by andrew conrad
Mr. Bavetta died of an extended illness Oct. 9 in his home. He was 81.
In recent years, Mr. Bavetta had to spend most of his time indoors, even though he was happiest outdoors.
Although Columbia was conveniently located near Mr. Bavetta's workplace at the National Security Agency in Fort Meade, the town had changed from the rural community of fields and trees that the Bavettas favored. It was becoming more urbanized.
"It was a problem just getting out of the driveway with so many cars whizzing by," Heidi Bavetta said.
Speeding cars and traffic signals did not appeal to Mr. Bavetta, who was a nature lover at heart. He enjoyed hunting, fishing and camping with his family. However, he did have a little secret about his frequent hunting trips that he never told anyone, except his wife: He never shot a deer.
"He just couldn't bear it," she said. Mr. Bavetta would aim away from the creatures whenever he shot. But for anyone who would doubt his skill, Mr. Bavetta did not have qualms about shooting birds, and he kept his wife busy preparing and cooking fowl that he brought home.
Mr. Bavetta's squeamishness also kept him from pursuing his original career choice as a doctor; the sight of blood made him sick. But the career path that he took proved fruitful.
Mr. Bavetta earned a master's degree in linguistics from New York University and then became an officer in the U.S. Navy, with hopes of serving in World War II. He was placed in an accelerated program for Naval Intelligence, but graduated just before the war ended. However, Mr. Bavetta eventually saw plenty of action in his job as a translator for the National Security Agency.
Able to read and write seven languages _ he was fluent in English, French, Italian and Spanish _ Mr. Bavetta was well equipped for the position. As a result, he was privy to much top-secret information.
According to his children, Christina and Angelo Bavetta, Mr. Bavetta was stationed aboard a submarine during the Cuban missile crisis in 1962 and read Fidel Castro's first speech before he even delivered it publicly.
The Bavetta children also recall how the FBI hired their father, nine years retired, to help investigate a Sicilian drug ring. The bureau initially went to the NSA to request a translator who knew Italian, and was referred to Mr. Bavetta, who accepted the job. He monitored a wiretap for three months before cracking the drug ring's code, said his daughter, Christina.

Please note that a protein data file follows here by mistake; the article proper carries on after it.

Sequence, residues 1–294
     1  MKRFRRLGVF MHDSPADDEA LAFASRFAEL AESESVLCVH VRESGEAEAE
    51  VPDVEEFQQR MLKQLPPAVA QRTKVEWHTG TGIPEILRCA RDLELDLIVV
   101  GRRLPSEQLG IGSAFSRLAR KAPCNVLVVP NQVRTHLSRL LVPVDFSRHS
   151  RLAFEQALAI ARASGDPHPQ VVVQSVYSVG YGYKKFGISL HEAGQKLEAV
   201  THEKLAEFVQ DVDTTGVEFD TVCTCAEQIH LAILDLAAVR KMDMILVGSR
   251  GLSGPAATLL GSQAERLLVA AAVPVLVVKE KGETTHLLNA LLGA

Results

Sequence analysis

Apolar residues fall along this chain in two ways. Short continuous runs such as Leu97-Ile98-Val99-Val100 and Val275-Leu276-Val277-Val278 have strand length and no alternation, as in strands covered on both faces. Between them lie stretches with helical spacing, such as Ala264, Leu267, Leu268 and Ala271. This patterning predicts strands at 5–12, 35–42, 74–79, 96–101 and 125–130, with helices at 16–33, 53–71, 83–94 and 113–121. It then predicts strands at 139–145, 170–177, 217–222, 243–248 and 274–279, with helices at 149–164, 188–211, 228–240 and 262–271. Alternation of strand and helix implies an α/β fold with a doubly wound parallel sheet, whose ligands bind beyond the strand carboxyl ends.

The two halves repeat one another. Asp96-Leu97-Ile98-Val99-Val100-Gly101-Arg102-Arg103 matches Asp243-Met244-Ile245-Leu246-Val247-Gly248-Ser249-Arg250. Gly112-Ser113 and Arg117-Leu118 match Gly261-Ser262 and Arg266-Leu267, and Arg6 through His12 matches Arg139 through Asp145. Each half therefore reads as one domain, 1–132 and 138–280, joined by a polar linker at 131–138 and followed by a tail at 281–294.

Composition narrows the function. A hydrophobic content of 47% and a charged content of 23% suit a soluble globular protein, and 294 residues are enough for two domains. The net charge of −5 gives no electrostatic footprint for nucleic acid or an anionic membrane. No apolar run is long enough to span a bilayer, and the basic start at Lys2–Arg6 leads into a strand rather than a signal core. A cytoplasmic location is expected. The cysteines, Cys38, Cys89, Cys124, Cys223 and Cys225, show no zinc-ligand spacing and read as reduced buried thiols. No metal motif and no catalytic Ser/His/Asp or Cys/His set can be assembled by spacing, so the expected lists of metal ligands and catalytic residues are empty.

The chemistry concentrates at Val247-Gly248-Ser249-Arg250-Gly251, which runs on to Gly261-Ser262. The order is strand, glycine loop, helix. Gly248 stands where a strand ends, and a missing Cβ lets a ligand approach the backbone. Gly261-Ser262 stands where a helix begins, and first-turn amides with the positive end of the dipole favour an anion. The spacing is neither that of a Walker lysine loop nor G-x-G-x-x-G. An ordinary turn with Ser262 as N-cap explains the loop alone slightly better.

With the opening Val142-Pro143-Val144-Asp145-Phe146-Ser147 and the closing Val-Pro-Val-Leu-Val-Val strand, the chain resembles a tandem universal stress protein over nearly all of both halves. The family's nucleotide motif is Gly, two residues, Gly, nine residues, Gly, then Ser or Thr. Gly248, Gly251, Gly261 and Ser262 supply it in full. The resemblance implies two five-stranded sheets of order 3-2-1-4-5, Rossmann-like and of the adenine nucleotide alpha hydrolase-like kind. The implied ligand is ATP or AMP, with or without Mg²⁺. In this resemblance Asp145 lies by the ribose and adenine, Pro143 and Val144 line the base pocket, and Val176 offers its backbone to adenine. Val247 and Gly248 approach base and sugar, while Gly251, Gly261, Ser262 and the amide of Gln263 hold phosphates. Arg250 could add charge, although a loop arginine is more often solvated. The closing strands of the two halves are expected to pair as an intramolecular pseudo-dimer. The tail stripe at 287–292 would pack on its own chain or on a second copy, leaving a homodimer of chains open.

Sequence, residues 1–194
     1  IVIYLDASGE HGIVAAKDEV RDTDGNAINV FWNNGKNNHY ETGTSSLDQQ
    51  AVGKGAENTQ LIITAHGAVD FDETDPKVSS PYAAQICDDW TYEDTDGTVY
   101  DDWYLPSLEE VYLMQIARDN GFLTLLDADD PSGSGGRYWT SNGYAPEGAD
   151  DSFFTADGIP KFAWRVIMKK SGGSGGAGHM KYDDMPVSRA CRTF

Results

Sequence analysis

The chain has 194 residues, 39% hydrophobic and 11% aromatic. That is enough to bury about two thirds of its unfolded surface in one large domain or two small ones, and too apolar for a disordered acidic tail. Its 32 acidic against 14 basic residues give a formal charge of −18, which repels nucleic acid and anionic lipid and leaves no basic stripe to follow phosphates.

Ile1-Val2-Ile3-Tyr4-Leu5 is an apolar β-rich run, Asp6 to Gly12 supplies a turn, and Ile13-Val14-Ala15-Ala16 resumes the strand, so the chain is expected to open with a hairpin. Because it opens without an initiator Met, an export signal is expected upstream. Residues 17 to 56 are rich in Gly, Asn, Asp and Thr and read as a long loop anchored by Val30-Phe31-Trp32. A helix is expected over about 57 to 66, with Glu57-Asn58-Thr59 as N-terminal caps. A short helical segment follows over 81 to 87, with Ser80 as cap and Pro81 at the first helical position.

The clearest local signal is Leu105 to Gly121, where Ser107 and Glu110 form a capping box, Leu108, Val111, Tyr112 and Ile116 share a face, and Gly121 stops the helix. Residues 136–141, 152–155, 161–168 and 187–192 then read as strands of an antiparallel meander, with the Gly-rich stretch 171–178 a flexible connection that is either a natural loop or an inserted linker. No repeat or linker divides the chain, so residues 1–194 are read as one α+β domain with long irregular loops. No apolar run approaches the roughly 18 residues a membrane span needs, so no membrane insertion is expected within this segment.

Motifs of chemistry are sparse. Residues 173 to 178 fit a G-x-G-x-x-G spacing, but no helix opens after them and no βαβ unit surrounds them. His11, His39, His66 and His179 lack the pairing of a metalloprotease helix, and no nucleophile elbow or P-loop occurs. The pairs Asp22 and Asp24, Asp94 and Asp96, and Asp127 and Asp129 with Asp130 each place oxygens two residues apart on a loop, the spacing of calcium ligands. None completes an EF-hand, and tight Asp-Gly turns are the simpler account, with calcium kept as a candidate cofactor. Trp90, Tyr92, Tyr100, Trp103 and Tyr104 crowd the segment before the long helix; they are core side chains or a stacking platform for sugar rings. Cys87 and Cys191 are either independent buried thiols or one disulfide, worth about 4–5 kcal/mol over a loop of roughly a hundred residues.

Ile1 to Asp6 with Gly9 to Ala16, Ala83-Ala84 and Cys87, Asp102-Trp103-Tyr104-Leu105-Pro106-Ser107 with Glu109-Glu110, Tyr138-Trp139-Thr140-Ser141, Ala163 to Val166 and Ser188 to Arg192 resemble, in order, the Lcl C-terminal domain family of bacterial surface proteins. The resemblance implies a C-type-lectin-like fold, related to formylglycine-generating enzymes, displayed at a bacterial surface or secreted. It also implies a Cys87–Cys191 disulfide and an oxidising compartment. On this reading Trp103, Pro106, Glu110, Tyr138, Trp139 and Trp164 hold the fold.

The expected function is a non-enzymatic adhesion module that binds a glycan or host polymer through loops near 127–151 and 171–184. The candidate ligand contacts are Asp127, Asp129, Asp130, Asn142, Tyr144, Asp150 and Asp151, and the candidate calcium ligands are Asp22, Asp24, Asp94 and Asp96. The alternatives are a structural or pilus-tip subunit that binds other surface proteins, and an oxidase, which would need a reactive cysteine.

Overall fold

All along, Mr. Bavetta made sure the family was safe, which is why he didn't tell them about the case until he was sure they were protected from possible retaliation by the drug ring.
He was "totally dedicated to me and the kids," his wife said.
That devotion included spending much time together. For six consecutive years in the 1960s, the Bavetta family would load up their blue Cadillac station wagon with gear the day after school ended and head to Assateague Island, where they would camp all summer.
Ironically, Mr. Bavetta was sensitive to the sun, and his wife laughed as she recalled him sitting on the beach in white cotton gloves and a hunting hat.
After suffering a heart attack in 1976, Mr. Bavetta had to retire early. But that gave him time to pursue things he had always wanted to, such as teaching himself medicine by reading lots of medical books. He also used his free time to take courses, like opera and drawing, at Carroll County and Howard community colleges.
Lately, Mr. Bavetta's activity was more restricted, but he still kept occupied.
"His favorite show was ['Who Wants to be a] Millionaire,' " said his wife. "He would watch it [come] hell or high water."
Besides his wife, Heidi M., Mr. Bavetta is survived by his son, Angelo R. Bavetta of Westminster; daughters Erika H. Maier of Westminster and Christina M. Bavetta of Washington, D.C.; and two granddaughters.
He was preceded in death by his parents, Angelo and Sebastiana Bavetta; daughter Anna Bavetta; and a sister, Giacomina Bavetta.
Services were held Oct. 13 at St. John Catholic Church in Westminster, and burial at Providence Cemetery in Gamber followed. Arrangements were made by Myers Funeral Home.
Memorial donations may be made to Carroll Hospice, 95 Carroll St., Westminster, MD 21157.